Size: Up To 375mm
Use: To measure the depth of holes and mortises
A depth gauge is a graduated rule with a sliding head which has a machined flat base. The flat base is placed on the surface of the workpiece, the rule adjusted to touch the bottom of the recess, and locked by a clamping screw. Remove the gauge and read off the measurement from the rule.
Size: To measure standard, Metric 0.2mm to 10mm
Use: To measure the gauge of wire and thickness of sheet metal
The wire gauge is a template which is used to measure the gauge or thickness of sheet metal or wire. Around the edge are graduated, numbered slots which fit wire or sheet metal. The metal or wire is tried in the various slots until it just fits without being forced.
Size: To measure 3mm to 100mm in 0.001mm
Use: To measure very fine gaps
A feeler gauge has a number of thin metal blades of various thickness that fan out from a steel case, which protects them from damage when not in use. Each blade is marked with its thickness. The blades are used to measure small gaps, such as between a shaft and its bearing or between electrical contracts.
Screw Pitch Gauge
Size: To fit a range of threads
Use: To measure the pitch of a machined thread
Like the feeler gauge, the screw pitch gauge consists of a series of metal blades in a metal case. The edge of each blade is notched to match the shape and spacing of a range of threads cut in bolts or holes.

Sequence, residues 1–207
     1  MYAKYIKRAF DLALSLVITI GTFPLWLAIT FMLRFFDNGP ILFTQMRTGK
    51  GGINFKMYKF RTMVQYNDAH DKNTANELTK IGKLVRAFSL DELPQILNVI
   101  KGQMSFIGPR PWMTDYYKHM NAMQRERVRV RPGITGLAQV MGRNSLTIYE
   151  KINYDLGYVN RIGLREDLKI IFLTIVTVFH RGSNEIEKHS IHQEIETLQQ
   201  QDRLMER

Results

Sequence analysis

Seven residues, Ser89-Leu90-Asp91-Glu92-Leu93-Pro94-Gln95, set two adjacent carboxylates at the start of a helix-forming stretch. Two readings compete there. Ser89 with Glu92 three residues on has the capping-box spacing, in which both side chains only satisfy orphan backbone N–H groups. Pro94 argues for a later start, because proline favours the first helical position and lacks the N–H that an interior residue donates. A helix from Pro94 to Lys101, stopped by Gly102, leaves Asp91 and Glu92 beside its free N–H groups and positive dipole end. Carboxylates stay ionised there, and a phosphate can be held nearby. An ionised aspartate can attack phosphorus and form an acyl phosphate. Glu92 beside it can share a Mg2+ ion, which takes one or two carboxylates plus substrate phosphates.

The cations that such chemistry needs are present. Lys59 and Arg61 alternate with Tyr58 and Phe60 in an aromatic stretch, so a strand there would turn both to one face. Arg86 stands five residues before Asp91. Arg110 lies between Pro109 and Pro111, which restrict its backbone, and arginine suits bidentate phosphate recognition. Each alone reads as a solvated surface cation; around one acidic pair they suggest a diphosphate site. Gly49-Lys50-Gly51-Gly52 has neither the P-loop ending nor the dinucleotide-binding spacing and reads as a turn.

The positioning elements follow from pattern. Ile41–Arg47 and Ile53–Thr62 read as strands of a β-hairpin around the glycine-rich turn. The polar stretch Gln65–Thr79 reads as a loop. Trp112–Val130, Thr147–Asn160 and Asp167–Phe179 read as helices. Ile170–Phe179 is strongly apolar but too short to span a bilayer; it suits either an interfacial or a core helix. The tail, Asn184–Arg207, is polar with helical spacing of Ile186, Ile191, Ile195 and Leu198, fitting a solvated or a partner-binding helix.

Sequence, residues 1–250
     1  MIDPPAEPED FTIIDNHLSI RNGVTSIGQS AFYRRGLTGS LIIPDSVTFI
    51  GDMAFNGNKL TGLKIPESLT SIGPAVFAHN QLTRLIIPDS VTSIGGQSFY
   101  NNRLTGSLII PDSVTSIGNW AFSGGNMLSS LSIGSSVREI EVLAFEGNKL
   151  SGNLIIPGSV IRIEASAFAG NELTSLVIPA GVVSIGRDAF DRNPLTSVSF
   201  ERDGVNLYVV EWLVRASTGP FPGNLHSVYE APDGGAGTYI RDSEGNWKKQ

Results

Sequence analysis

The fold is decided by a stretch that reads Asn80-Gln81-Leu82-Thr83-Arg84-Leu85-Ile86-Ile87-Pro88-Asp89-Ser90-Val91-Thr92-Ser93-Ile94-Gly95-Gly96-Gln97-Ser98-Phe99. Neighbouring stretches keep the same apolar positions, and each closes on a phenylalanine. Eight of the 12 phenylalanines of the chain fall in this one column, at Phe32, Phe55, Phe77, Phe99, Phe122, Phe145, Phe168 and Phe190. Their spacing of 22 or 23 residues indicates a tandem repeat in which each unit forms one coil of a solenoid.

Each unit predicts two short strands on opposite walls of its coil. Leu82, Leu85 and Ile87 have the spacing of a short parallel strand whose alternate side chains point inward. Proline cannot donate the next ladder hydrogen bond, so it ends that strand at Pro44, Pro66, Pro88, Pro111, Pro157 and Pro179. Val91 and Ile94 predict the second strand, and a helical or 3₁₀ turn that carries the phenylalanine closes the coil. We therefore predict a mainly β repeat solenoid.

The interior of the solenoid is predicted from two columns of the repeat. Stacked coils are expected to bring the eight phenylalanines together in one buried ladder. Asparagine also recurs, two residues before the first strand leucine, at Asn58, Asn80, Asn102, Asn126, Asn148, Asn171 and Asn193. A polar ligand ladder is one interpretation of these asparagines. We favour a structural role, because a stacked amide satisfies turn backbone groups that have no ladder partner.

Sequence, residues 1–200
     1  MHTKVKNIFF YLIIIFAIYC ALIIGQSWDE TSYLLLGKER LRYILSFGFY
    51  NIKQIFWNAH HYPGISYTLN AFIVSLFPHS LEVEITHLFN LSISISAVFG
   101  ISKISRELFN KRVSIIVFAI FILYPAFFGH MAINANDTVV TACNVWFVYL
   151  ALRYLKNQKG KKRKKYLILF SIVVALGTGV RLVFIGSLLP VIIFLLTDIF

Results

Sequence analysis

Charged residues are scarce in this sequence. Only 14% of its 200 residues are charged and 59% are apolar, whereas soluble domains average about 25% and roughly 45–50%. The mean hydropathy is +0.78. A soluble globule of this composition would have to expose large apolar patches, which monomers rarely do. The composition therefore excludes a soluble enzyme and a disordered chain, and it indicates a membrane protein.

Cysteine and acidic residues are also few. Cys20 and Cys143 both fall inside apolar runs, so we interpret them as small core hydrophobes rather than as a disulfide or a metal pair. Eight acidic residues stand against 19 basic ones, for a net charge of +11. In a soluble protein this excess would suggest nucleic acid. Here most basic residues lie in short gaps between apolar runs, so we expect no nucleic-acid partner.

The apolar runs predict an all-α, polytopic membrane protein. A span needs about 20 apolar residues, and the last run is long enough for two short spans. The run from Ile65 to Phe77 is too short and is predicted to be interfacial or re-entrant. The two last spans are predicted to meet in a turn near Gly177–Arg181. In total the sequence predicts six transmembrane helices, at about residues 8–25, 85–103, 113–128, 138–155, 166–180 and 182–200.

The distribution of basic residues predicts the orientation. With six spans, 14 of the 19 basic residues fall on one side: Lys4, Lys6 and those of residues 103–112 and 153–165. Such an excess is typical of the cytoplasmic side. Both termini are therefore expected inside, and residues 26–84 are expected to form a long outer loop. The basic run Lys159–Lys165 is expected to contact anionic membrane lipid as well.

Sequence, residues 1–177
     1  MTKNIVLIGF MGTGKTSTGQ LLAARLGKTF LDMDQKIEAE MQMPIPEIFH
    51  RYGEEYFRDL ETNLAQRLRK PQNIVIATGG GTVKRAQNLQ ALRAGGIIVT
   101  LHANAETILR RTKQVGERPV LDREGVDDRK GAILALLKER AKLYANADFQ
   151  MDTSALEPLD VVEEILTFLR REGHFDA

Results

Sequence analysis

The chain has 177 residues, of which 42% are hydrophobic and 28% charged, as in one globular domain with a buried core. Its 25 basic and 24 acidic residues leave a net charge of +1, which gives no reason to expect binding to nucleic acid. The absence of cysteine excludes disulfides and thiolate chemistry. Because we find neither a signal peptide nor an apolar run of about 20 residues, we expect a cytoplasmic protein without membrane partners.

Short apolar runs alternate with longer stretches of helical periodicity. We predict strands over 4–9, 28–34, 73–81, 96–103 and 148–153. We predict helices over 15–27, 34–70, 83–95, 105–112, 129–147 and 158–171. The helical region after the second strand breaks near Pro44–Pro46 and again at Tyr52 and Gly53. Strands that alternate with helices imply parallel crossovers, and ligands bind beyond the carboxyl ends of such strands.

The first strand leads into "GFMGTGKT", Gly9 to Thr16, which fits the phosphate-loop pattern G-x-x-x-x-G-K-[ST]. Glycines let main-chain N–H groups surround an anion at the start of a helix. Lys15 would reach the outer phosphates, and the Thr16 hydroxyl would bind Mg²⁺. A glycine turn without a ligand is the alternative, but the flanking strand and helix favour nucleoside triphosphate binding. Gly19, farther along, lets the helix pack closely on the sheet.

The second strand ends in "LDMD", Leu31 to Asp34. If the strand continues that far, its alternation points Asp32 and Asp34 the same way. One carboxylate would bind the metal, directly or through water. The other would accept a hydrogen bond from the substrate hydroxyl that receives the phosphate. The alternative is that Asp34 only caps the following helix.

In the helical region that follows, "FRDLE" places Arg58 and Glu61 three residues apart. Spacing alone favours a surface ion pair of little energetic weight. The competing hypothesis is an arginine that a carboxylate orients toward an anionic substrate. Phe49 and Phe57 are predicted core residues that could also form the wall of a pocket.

Size: 162mm to 217mm
Material: Hardwood or Steel
Use: To mark a line parallel to an edge
A marking gauge is a beam of hardwood or steel upon which slides a stock, that acts as a fence to guide a pointed pin a set distance from the edge of a workpiece. The steel pin is permanently fixed near one end of the beam and projects approximately one 1mm from the underside. The stock is fixed in the required position by a thumb screw on one side. The guide face of the stock can be reinforced with brass facing strips let in flush with the surface. Sometimes the beam is graduated for setting the stock, the required distance from the pin. If it is not, simply use a steel rule.
Use: To mark a line parallel to an edge across the grain of timber
The cutting gauge is constructed and operated in exactly the same way as the marking gauge, but instead of the pointed pin, it has a flat blade secured with a small wedge. This is designed to cut across the grain of timber to mark a line where a standard marking gauge would tend to tear the grain. The blade must be periodically removed and honed to a sharp edge.
Use: To mark two parallel sides of mortice and tenon
The mortice gauge, like the marking gauge, has a beam and an adjustable stock. However, it has two pins to mark both sides of a mortice simultaneously. One pin is fixed and the other is attached to an adjustable slide. One some tools this is a simple pull slide, on others it may be adjusted by a thumb screw mounted at the end of the beam. Most mortice gauges have another pin mounted on the underside of the beam so that they can be used and as a standard marking gauge.
Material: Handle- Hardwood, Blade- Steel
Use: To mark a line on leather
A leather crease has a blade with a blunt edge which is used to mark a dark line on leather as a decorative motif. The creaser is often used cold, but if heated produces a darker line. A tool with a simple blade is known as a "Single Creaser" while, a "Double Creaser" has two parallel edges.
This content is accurate and true to the best of the author’s knowledge and is not meant to substitute for formal and individualized advice from a qualified professional.
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